From the Prime Minister's spokesperson on the European Council.
Asked for the Prime Minister’s response to the Scottish First Minister’s comment that Scotland had been left out of the European Council discussions, the Prime Minister’s Spokesman (PMS) said we would respond to his letter when we received it; but foreign affairs was a reserved matter. The handling of those issues was a standing item at regular meetings of the joint ministerial committee on the European Union which all the devolved administrations attended.
Asked if the 17 Eurozone countries would be allowed to use European Commission buildings, the PMS said there was an agreement on Friday morning about a new fiscal framework for the Eurozone. Eurozone countries had set out a series of rules that they intended to sign up to. There was now a discussion about how that was implemented and that would go on for some weeks. One of the issues was the role of the institutions in implementing the agreement. The PMS added what was very clear was that the institutions should not do anything that cut across the single market.
Asked if that would be a discussion of 17 Eurozone or 27 European Union countries, the PMS said the UK would take part in discussions we had an interest in. The institutions were established by the European Union Treaty so we had an interest. As the Deputy Prime Minister had said yesterday, we were into uncharted territory. There would be a discussion about how the agreement would be implemented.
Asked if our demands were now dead and gone, the PMS said there was a discussion about whether or not there was a Treaty at 27. On balance we would have preferred a Treaty at 27, but we were clear that we could only have agreed to that if certain reasonable conditions were met. The PMS said that the things the UK was trying to achieve last week were still objectives. We sought a level playing field in financial services, not as some had said some sort of carve out for the City of London. He added that the UK also wanted to go further with banking regulation in certain areas. He added that there was some legal uncertainty about whether we could go further and implement the Vickers conclusions. The PMS said most of these issues were discussed at Economic and Financial Affairs Council (Ecofin) and the Chancellor of the Exchequer attended those meetings.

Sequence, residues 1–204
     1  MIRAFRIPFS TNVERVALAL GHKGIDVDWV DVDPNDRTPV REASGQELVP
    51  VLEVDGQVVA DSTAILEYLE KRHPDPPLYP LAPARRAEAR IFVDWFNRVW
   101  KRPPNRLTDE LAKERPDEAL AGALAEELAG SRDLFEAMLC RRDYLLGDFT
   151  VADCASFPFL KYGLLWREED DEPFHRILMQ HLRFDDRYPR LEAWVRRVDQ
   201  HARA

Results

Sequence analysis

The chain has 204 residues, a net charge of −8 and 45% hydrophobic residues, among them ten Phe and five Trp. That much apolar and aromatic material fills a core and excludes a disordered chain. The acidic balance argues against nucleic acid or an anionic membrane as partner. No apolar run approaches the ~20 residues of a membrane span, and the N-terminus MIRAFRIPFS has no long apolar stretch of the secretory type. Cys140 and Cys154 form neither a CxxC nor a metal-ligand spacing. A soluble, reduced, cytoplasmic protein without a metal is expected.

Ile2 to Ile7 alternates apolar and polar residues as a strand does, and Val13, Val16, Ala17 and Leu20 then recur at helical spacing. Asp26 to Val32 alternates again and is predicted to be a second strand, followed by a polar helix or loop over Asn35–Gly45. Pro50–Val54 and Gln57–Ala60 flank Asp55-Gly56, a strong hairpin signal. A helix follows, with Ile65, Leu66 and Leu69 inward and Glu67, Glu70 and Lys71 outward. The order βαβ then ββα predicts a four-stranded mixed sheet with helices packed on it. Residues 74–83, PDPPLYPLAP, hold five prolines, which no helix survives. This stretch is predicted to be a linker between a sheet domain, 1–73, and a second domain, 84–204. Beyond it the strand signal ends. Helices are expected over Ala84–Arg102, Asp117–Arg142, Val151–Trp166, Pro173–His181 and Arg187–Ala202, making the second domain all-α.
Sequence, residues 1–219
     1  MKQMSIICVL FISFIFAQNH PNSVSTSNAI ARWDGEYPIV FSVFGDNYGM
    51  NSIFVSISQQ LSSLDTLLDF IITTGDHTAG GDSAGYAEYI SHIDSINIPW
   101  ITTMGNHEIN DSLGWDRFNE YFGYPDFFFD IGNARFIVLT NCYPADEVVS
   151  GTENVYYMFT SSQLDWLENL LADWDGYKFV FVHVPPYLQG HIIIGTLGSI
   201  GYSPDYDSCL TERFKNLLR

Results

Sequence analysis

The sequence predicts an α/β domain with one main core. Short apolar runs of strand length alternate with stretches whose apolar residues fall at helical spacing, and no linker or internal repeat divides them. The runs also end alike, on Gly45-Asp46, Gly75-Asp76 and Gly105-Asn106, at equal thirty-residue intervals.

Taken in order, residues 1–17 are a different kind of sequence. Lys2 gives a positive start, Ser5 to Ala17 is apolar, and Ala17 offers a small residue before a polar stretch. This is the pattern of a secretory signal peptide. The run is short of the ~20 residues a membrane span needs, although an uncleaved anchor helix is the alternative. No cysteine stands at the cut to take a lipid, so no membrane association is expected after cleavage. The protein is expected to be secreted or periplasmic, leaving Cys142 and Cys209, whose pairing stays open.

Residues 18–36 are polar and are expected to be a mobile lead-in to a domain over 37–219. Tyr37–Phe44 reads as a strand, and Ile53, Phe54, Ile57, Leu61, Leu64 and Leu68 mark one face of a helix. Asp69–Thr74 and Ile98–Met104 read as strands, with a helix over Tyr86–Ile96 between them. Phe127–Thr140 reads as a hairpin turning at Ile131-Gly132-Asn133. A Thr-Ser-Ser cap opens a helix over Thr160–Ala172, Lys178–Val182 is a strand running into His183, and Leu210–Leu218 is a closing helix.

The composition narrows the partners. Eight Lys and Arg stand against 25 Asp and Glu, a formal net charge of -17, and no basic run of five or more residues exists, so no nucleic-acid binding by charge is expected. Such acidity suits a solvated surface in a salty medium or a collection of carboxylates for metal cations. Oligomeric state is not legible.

Asked about a claim that the UK veto had been a blessing for the French, the PMS said there had been a preference around the table for a Treaty of 27. Asked about the Deputy Prime Minister saying on Thursday that he worked hand in glove with the Prime Minister and if that was still the case, the PMS said we had an agreed negotiating position. He added that it was no secret that there could be an agreement among fewer than 27 countries. That possibility had been discussed and debated at length including by the media. There was an agreed negotiating position and it included the different options.
Asked if the negotiations could begin again, the PMS said the discussion on implementation had just begun. He added that the Eurozone countries agreed the new rules, including automatic sanctions, but they had not yet agreed how that would be implemented, and the use of institutions was part of that discussion. He added that we always aimed to balance constructive engagement with the need to protect our national interest; that was what was set out in the Coalition Agreement, and that continued to drive our policy. There would be negotiations in the European Union in the course of the Parliament; the Government would agree the position in advance of those negotiations.
Asked if the safeguards were still desirable, the PMS said fundamentally what was in our interests was a stable Eurozone and one that had dealt effectively with the debt crisis. That required implementation of other things too - a firewall, action to recapitalise the banks and measures to address the underlying issue of competitiveness. New rules were only part of the answer.